Portal to the Lesser White-fronted Goose

- by the Fennoscandian Lesser White-fronted Goose project

Literature type: Report

Language: English


Full reference: Lee, R., Cranswick, P.A. Hilton, G.M. & Jarrett, N.S. 2010. Feasibility study for a re-introduction/supplementation programme for the Lesser White-fronted Goose Anser erythropus in Norway. , WWT Report to the Directorate for Nature Management, Norway. 130pp.

Keywords: reintroduction, translocation, population, mortality, feasibility, re-introduction, supplementation, Norway, Fennoscandia, life-history, captive breeding, zoo,

Literature type: Scientific

Journal: Conservation Genetics

Volume: 8 , Pages: 197-207.

DOI: 10.1007/s10592-006-9162-5

Language: English

Full reference: Ruokonen, M., Andersson, A.-C. & Tegelström, H. 2007. Using historical captive stocks in conservation. The case of the lesser white-fronted goose. Conservation Genetics 8: 197-207. https://www.dx.doi.org/10.1007/s10592-006-9162-5

Keywords: Hybrid, Captive, Supplementation, Reintroduction, Lesser white-fronted goose, Anser erythropus


Many captive stocks of economically or otherwise valuable species were established before the decline of the wild population. These stocks are potentially valuable sources of genetic variability, but their taxonomic identity and actual value is often uncertain. We studied the genetics of captive stocks of the threatened lesser white-fronted goose Anser erythropus maintained in Sweden and elsewhere in Europe. Analyses of mtDNA and nuclear microsatellite markers revealed that 36% of the individuals had a hybrid ancestry. Because the parental species are closely related it is unlikely that our analyses detected all hybrid individuals in the material. Because no ancestral polymorphism or introgression was observed in samples of wild populations, it is likely that the observed hybridisation has occurred in captivity. As a consequence of founder effect, drift and hybridisation, captive stocks were genetically differentiated from the wild populations of the lesser white-fronted goose. The high level of genetic diversity in the captive stocks is explained at least partially by hybridisation. The present captive stocks of the lesser white-fronted goose are considered unsuitable for further reintroduction, or supplementation: hybridisation has involved three species, the number of hybrids is high, and all the investigated captive stocks are similarly affected. The results highlight the potential shortcomings of using captive-bred individuals in supplementation and reintroduction projects, when the captive stocks have not been pedigreed and bred according to conservation principles.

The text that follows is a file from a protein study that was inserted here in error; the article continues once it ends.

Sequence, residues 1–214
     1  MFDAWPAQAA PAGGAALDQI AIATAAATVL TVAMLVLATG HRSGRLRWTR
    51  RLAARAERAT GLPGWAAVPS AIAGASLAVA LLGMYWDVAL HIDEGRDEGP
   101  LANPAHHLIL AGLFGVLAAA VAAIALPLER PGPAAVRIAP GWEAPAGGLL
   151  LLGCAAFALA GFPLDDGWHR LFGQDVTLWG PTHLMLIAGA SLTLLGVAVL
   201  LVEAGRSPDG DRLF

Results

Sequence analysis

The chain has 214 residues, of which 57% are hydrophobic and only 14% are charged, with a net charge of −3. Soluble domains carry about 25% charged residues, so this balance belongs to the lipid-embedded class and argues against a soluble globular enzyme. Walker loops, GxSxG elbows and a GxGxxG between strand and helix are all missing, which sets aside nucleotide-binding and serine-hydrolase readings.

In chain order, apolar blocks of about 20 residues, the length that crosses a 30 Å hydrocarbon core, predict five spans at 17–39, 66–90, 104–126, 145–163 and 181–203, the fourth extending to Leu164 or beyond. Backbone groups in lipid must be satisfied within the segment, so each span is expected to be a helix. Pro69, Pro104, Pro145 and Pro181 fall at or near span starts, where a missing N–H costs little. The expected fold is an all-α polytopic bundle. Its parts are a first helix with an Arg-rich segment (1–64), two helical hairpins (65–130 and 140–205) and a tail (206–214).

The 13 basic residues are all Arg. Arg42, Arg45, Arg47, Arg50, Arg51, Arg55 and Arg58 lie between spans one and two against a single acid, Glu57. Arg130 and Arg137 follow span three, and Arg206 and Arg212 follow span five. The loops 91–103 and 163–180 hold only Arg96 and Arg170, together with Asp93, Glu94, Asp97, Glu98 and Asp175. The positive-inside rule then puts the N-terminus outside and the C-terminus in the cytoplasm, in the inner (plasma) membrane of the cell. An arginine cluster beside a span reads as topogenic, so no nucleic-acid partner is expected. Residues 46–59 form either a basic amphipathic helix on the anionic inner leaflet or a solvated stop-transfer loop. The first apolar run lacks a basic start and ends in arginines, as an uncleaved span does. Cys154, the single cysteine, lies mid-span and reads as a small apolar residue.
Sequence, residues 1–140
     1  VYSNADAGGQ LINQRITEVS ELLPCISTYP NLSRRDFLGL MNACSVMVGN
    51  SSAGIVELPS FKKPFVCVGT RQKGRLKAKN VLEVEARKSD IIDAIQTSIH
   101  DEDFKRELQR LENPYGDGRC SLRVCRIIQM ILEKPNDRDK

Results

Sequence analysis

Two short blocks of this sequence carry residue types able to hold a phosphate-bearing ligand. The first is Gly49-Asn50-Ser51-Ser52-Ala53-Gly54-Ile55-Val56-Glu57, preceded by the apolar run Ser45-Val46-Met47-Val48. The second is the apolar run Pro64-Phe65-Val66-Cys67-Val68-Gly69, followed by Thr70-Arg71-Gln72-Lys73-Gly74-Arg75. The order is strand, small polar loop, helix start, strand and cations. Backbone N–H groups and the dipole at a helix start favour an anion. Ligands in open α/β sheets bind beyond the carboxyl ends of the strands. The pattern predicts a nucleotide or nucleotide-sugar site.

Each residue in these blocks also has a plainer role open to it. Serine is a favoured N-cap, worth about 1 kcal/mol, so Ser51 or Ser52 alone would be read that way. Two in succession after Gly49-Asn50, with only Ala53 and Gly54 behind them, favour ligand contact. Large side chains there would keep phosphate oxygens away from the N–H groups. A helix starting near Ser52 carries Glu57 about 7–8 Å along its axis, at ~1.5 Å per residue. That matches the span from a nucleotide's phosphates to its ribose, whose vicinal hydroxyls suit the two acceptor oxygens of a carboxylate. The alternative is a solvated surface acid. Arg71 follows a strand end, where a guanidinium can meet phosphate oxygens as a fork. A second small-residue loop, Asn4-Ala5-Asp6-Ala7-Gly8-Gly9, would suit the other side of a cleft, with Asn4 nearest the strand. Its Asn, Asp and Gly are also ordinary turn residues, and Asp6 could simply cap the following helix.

Number of results: 2